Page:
On August 28th and 29th, folk rock sensations Mumford & Sons performed at the famous and awe-inspiring Red Rocks Amphitheater near Morrison, Colorado. From this experience, the band plans to release a documentary called Road To Red Rocks, including footage of the live performance, life on the road, and, in an interesting twist, fan submitted home-videos of their experiences before, during, and after the show. Now, after a three part series of promo trailers, the band have released their official music video for new single “I Will Wait” off their upcoming album Babel, which will be out September 24th. Click here for preorders, and check out the video below:

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The Avett Brothers: New Album “The Carpenter” Streaming On NPR

If you like truly heartfelt folk-rock, then check out The Avett Brothers‘ new album The Carpenter streaming for a limited time on NPR. Followup to 2009′s breakthrough release I And Love And You, this new album carries on the band’s natural tendency to write passionate heart-on-sleeve romps and lullabies with dynamically diverse folky instrumentation. Despite reaching recent stardom the brothers and crew have not lost their knack for soothing honesty. While touching on many of life’s more trying tribulations, they still keeping those catchy feel-good melodies and rhythms alive.

The Carpenter is due out on September 11th, followed by a full U.S. tour starting on the 12th.

Ben Gibbard Releases New Single: “Teardrop Windows”

Death Cab For Cutie singer/guitarist Ben Gibbard has a solo album coming out on October 16th called Former Lives. Head to to hear the single ”Teardrop Windows.” As one would expect, it sounds pretty much like Death Cab, but with a little more of a folky twang and, in contrast to the title and lyrics, it has a nice upbeat and easy-going feel, which is a good fit for the indie/shoegaze singer.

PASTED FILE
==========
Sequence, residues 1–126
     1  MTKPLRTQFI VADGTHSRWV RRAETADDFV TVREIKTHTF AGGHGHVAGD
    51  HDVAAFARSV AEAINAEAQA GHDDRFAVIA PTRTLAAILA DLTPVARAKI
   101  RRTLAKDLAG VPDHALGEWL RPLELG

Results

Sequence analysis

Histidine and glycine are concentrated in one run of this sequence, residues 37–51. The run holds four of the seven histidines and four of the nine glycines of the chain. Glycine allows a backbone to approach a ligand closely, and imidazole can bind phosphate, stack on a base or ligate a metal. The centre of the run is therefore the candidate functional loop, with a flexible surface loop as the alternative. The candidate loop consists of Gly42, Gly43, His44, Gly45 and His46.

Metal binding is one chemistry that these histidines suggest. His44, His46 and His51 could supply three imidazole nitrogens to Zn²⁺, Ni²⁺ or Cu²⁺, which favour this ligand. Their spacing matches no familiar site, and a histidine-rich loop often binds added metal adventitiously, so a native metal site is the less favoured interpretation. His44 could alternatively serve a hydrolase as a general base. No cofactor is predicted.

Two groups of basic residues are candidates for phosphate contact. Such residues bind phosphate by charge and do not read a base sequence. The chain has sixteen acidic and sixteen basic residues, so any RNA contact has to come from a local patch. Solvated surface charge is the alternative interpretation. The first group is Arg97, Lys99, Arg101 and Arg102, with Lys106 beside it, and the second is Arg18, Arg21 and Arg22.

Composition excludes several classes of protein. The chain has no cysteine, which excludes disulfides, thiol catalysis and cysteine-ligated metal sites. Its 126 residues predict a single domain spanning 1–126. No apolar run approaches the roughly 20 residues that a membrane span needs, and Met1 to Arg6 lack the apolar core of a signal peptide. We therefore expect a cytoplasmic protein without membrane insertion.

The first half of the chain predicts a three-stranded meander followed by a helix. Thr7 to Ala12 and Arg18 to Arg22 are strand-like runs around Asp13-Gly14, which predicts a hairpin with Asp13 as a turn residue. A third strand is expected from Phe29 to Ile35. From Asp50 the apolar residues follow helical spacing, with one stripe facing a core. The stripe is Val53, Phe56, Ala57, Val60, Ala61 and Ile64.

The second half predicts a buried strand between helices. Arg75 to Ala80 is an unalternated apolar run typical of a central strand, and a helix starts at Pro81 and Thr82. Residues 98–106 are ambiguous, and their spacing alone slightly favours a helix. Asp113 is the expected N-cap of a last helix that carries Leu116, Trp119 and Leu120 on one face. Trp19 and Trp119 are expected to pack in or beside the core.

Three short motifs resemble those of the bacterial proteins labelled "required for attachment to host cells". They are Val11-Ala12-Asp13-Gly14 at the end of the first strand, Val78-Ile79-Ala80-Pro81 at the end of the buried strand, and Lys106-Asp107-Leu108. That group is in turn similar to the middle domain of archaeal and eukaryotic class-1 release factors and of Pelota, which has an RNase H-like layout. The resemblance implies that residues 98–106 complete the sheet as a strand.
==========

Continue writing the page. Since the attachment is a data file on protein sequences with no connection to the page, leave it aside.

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New Bob Dylan Video – “Duquesne Whistle”

The all-American folk-rock “Jokerman” himself is back… apparently followed by a posse of young cholos, scantily clad women, and a guy dressed like Gene Simmons. Yes, Bob Dylan‘s new video for his single “Duquesne Whistle” is quite a bizarre one. It starts as some cute and innocent boy-meets-girl scenario, fitting the light jaunty mood of the song, but quickly goes awry in a twisted and hilarious way. Head over to Rolling Stone to see it for yourself. The new song is off Dylan’s upcoming album Tempest, which is due out September 11th.

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Kate Tucker Searches For The ‘Ghost Of Something New’

Having grown up in a family of truck drivers, OurStage artist Kate Tucker seems to have inherited from them a sixth sense for the state of the nation. It’s a type of understanding that isn’t based on national polls or facts, but on the accumulation of individual tales that, when woven together, depict the full American canvas. On her latest album, Ghost of Something New, Tucker offers acute insights into the national mood through intimate stories of love gone awry. Melancholy, yet hopeful, the collection of songs is at once a rumination on failed previous relationships as well as a depiction of a country that similarly cannot stop contemplating its own path and past.